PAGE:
The entry of Syrian refugees into Lebanon and Jordan has resulted in unprecedented social and economic challenges to both countries. These are felt on a day-to-day basis by all Lebanese and Jordanian citizens whether through higher rents and declining public service availability, or through health and education infrastructure that is stretched beyond its limits. There is no doubt that both host countries have been incredibly generous to refugees, particularly at the societal level.
Humanitarian Financing & Resources
Since the Syrian conflict began in 2011, 11 million people have been internally displaced or have fled to neighboring states. This has put an incredible strain on the hosting societies, particularly in Lebanon,Jordan, Iraq and Turkey. The international community has dispatched more than $17 billion in funding to Syria Response Plans, 300 organizations have implemented projects, and thousands of people have been activated to assist both host communities and refugees themselves to cope with the circumstances.
The private sector has long been a major contributor to humanitarian action. At the community level, businesses frequently use their materials and resources to aid people affected by crises. As local markets recover and supply chains are repaired, crisis-affected people are once again able to access basic goods and, in some cases, resume livelihoods.
The humanitarian aid system is growing and expanding, and so surely its capacity to meet these challenges should also be growing. Yet despite the enormous resources, in the more complex, less high-profile and difficult contexts, MSF teams in the field have seen that humanitarian responses to displacement emergencies have not occurred in a timely and effective way. This is especially the case in conflict areas. These observations have prompted MSF to conduct this review, to better understand how the humanitarian system is responding to acute displacement emergencies.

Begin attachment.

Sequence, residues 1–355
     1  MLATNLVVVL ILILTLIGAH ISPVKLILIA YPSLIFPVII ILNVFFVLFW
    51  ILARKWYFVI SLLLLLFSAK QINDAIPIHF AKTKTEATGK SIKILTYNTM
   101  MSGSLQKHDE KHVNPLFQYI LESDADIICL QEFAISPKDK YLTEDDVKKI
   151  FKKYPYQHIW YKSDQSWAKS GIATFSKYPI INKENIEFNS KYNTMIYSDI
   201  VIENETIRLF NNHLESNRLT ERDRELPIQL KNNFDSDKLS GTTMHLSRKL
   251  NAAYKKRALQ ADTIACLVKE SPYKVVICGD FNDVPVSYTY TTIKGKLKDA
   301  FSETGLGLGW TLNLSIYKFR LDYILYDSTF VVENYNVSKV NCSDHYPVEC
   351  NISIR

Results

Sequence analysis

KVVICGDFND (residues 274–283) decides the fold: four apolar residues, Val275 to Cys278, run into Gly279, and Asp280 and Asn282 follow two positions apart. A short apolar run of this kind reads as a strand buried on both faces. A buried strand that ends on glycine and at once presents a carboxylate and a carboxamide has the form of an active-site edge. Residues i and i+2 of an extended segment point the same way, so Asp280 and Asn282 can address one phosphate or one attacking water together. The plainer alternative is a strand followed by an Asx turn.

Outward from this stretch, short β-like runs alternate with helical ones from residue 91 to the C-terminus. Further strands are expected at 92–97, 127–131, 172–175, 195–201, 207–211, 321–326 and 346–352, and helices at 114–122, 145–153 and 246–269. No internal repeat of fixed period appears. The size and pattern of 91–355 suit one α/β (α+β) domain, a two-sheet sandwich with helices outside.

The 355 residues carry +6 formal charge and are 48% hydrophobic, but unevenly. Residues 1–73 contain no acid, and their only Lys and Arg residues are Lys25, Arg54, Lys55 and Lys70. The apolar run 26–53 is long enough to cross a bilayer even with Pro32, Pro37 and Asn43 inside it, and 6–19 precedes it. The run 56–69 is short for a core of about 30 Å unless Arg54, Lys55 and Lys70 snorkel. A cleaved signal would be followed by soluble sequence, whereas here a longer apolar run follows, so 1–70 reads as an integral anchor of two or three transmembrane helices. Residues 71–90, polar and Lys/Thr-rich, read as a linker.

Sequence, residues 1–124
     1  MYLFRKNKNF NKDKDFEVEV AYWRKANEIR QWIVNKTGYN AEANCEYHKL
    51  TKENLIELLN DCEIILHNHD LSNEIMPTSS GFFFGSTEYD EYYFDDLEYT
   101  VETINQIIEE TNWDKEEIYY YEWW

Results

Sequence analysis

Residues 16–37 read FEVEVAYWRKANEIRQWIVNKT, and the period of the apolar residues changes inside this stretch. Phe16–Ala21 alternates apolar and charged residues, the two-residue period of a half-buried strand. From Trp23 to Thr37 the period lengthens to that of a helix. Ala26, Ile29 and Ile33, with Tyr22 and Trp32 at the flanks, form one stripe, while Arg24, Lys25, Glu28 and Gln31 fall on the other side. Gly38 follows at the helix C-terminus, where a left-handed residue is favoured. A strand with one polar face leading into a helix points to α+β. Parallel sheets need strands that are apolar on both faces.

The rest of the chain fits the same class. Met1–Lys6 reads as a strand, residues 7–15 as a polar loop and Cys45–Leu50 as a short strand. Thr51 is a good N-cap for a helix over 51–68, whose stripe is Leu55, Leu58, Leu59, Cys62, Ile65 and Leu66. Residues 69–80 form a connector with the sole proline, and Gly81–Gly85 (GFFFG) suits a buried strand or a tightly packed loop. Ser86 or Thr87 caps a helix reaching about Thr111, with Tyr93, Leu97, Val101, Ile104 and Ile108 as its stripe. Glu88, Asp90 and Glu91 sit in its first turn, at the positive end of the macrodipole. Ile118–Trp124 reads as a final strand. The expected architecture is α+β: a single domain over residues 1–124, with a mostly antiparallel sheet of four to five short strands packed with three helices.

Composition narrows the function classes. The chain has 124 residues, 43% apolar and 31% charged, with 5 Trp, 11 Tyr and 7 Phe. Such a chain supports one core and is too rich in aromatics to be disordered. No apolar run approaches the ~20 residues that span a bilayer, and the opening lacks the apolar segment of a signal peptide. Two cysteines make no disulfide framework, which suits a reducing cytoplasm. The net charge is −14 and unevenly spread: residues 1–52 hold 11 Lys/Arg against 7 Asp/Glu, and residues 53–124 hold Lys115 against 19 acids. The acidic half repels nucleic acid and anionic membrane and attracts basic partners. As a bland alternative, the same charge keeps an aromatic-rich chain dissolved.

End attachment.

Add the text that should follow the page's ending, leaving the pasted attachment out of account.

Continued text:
Introduction: the challenges of an unprecedented refugee crisis in Lebanon
According to UNHCR, “over 2 million people have fled Syria since the beginning of the conflict in 2011, making this one of the largest refugee exoduses in recent history with no end yet in sight. The refugee population in the region could reach over 4 million by the end of 2014”.
This report will provide a description of the assessment conducted by IMC’s Mental Health and Psychosocial team in the region of Wadi Khaled following the displacement of Syrians into the northern villages between the Lebanese-Syrian borders as a result of the internal conflicts taking place in Syria.
Over 57,000 displaced Syrians are receiving protection and assistance in Lebanon through the efforts of the Government of Lebanon and UN and NGO partners. Of this number, 42,947 are registered, with an additional 14,952 people having been in contact with UNHCR to be registered2. A total of 17,827 Syrians (3,846 families) have been registered with UNHCR in the Bekaa. Half of the populations of refugees are minors and most of them are accommodated by host families or rent some accommodation.